MEV: Standoff, truce, or a never-ending saga?
The resolution to the reorg drama shows how MEV will be dealt with in the future
The rise of MEV is shaking the foundations of the Ethereum community. Some are now calling it a crisis. While a valid term for the increasingly worrisome situation, it shouldn’t come as a shock.
MEV, after all, is downstream of the growth of DeFi. As more and more financial activity transacts on Ethereum, along with it comes more arbitrage and liquidation opportunities.
So, while there are hopes that DeFi will one day power the global financial system, the value that can be extracted scales with the size of the market. And with it, the criticality of addressing MEV and its reach only intensifies.
Most worryingly, that reach is also expanding. A recap: MEV comes from increased economic value transfer on top of Ethereum. Before the emergence of MEV activity, miners of blockchains were incentivized through rewards native to the protocol: either block rewards from new issuance or transaction fees paid by users. Since then, the rise of MEV has created another incentive layer for miners – or more accurately, block producers – and it’s a far more lucrative one. But ultimately, these miners need the industry to survive. Will they really shoot themselves in the foot for a quick buck?
MEV has been a topic of discussion for a few years, and awareness in the DeFi world has stepped up over the past six months. But over the last few weeks, a more extreme MEV exploit – specifically the possible threat of a reorg or time-bandit attack – has unnerved the Ethereum community.
The main concern is that if miners can reorder transactions to extract value, then theoretically an MEV opportunity could be so alluring that it justifies the hash-power investment needed for a reorg. The Block’s Tim Copeland wrote a great explainer on the reorg drama:
In short, it’s possible for a miner who sees a lucrative transaction in a new block to go back in the chain to the point before the transaction occurred and create a new sequence — one that replaces the original transaction with one in which the miner takes the profits for themselves. It’s also called a “time bandit attack” because it’s like blockchain time travel.
This possible threat has long loomed against all blockchains (double spend). But it’s only because DeFi has experienced such rapid growth with so much value being transacted that this now seems an existential threat to Ethereum (and public blockchains writ large).
Manifested, this would shatter confidence in Ethereum’s security and censorship resistance. It would deal a crippling blow to the process of onboarding large pools of capital. The community still hears of chain roll backs from the DAO more than five years ago, but nothing would compare to outright market manipulation by those powering the network.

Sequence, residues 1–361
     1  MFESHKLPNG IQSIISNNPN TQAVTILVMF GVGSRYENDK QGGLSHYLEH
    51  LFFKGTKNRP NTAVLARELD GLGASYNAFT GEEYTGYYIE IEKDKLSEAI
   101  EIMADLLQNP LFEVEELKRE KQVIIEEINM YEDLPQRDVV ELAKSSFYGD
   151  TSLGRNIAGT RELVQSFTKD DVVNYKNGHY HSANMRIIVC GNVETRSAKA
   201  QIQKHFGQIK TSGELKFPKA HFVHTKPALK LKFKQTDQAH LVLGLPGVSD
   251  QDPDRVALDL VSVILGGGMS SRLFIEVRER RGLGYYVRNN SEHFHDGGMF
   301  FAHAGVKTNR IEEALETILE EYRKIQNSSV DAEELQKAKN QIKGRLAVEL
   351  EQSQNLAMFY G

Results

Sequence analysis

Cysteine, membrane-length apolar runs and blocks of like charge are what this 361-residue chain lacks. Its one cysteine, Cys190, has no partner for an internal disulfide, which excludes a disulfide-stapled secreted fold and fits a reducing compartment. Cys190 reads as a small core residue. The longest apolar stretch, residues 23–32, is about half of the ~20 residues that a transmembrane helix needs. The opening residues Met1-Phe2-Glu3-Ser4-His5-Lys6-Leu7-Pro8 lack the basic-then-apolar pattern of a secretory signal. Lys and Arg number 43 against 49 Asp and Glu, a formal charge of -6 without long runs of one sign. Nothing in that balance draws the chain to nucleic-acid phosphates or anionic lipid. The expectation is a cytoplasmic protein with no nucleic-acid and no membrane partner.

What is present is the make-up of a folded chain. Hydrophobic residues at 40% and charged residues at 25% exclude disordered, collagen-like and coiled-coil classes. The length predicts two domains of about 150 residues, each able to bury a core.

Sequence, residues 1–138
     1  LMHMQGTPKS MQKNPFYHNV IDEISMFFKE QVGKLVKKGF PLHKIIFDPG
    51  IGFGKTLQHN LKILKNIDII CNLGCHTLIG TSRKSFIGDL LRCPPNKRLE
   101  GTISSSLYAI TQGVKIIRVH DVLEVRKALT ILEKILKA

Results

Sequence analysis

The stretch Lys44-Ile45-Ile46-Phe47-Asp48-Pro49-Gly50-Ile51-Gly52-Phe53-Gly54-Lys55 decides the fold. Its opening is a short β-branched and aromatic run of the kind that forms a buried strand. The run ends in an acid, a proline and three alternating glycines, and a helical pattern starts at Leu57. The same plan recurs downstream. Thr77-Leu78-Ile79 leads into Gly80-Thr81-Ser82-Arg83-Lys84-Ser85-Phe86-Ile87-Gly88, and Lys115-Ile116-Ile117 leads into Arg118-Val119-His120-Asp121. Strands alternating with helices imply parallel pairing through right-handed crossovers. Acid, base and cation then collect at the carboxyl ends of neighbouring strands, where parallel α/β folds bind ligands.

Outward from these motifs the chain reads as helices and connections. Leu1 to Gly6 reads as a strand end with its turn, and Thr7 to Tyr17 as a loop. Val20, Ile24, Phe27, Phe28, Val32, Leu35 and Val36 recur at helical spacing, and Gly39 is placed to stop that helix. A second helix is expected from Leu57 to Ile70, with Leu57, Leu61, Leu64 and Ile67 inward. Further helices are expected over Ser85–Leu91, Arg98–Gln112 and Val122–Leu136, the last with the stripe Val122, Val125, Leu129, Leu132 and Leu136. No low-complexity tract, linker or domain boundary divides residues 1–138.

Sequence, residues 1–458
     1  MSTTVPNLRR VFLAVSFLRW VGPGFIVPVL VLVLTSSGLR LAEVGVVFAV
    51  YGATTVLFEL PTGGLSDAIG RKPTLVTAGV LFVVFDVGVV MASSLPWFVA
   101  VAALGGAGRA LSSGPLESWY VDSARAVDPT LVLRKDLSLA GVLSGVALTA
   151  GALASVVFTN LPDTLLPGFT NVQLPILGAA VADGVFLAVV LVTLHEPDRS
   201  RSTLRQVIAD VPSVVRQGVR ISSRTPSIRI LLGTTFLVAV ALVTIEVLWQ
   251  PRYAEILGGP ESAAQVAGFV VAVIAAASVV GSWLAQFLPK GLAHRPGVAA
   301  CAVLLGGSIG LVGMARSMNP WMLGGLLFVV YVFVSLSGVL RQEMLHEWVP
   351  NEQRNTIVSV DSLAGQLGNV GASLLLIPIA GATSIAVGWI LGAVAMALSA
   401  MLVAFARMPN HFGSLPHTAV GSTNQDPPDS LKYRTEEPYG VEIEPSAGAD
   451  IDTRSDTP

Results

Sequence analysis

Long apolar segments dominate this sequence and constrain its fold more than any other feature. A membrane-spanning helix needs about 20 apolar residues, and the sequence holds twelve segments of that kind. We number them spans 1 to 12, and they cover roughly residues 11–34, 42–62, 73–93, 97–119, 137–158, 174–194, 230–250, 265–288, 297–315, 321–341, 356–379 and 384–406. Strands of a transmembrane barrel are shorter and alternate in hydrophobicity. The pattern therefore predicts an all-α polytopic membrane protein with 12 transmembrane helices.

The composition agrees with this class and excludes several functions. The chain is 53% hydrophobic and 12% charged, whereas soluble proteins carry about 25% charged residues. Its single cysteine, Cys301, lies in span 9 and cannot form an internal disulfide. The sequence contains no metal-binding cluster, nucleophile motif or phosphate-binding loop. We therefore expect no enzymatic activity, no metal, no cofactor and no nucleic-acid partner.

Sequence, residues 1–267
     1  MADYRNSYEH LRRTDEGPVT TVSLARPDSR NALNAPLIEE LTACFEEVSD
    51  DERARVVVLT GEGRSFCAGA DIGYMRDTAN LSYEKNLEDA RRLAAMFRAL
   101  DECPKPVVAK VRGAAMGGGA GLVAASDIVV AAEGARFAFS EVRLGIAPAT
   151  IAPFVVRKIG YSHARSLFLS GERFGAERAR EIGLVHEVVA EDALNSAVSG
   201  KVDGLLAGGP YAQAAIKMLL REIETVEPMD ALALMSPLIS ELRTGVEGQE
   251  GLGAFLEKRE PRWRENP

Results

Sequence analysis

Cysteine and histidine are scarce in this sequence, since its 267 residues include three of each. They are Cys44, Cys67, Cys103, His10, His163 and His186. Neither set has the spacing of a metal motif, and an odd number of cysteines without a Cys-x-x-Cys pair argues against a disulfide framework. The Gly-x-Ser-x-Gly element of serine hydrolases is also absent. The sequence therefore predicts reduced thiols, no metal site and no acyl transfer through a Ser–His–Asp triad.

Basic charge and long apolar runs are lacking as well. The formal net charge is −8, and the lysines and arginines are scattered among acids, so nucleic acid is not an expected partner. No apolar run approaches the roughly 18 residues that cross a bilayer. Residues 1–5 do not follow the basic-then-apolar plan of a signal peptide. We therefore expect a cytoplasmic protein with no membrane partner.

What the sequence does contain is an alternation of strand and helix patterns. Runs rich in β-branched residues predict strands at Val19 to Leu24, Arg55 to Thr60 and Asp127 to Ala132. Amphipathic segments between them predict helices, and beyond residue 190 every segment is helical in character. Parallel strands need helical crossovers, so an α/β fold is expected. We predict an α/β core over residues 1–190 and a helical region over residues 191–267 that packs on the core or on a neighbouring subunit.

The concern is now so great that much of the community has begun to shun those who’ve suggested building software that would seek opportunities across blocks. Flashbots has come out unequivocally against, as have major mining pools and prominent searchers (developers who write MEV strategies). Meanwhile, Vitalik penned a piece last week on how the switch to Proof-of-Stake (PoS) mitigates these attacks because it introduces to finality. A few days after the post, EIP-3675 appeared on the Ethereum github, which is the long-awaited shift towards PoS and commonly referred to as, ‘the merge’.
The ETH2 beacon chain has been live since December 2020. Yet the merger – which was expected to happen sometime over the next six months – looks set to be expedited among mounting community fears of a reorg, and the destabilizing catastrophe it would have. And with the implications of new MEV reorg software being so dangerous, the Ethereum community needs to mount a counterattack to ensure its immutability.
All of this seems like the end of a chapter, or maybe the first book in the MEV saga.
Amongst all the concern, there seems to be a few key truths:
MEV is fundamental; networks with economic value transfer will always have value leakage.
The public mempool is dead. Smart traders will route directly to miners.
The emerging model has become a huge black box of how value is fairly distributed, shaking the transparency and permissionless of blockchains.
MEV has everyone spooked. Yet the likelihood of a reorg is low – as miners inevitably won’t bite the hand that feeds them.
The role of Flashbots
Flashbots are at the core of the MEV story. One of its founders, Phil Daian first discovered MEV in a seminal 2019 paper, where he coined the term to describe the front-running activity on Ethereum’s decentralized exchanges. Flashbots bills itself as, “a research and development organization formed to mitigate the negative externalities and existential risks posed by miner-extractable value (MEV).”